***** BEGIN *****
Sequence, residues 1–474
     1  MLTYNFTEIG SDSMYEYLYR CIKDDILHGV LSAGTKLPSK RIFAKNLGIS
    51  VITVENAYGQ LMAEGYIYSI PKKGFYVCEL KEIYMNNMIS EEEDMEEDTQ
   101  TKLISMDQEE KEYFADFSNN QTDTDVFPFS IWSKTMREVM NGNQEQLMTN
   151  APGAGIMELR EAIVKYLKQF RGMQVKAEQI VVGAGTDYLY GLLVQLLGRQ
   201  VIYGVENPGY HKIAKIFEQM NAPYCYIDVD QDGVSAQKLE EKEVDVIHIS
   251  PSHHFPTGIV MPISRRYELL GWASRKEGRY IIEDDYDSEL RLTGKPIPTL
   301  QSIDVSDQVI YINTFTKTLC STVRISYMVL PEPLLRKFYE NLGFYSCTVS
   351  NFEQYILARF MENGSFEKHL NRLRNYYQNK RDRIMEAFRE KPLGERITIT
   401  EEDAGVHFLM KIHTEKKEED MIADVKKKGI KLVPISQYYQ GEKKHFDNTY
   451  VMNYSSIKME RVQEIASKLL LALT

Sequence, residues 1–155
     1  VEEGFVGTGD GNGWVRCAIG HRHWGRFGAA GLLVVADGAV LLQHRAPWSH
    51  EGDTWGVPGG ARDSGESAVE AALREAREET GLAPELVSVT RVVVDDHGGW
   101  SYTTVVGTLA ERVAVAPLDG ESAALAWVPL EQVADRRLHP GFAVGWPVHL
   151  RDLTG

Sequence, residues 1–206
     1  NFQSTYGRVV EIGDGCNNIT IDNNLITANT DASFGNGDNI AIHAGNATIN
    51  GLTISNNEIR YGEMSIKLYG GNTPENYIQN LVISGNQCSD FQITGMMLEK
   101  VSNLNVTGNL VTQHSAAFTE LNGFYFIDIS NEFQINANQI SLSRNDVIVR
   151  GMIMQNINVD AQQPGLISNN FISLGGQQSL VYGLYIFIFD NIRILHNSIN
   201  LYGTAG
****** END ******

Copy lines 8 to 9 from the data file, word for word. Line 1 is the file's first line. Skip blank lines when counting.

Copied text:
   301  QSIDVSDQVI YINTFTKTLC STVRISYMVL PEPLLRKFYE NLGFYSCTVS
   351  NFEQYILARF MENGSFEKHL NRLRNYYQNK RDRIMEAFRE KPLGERITIT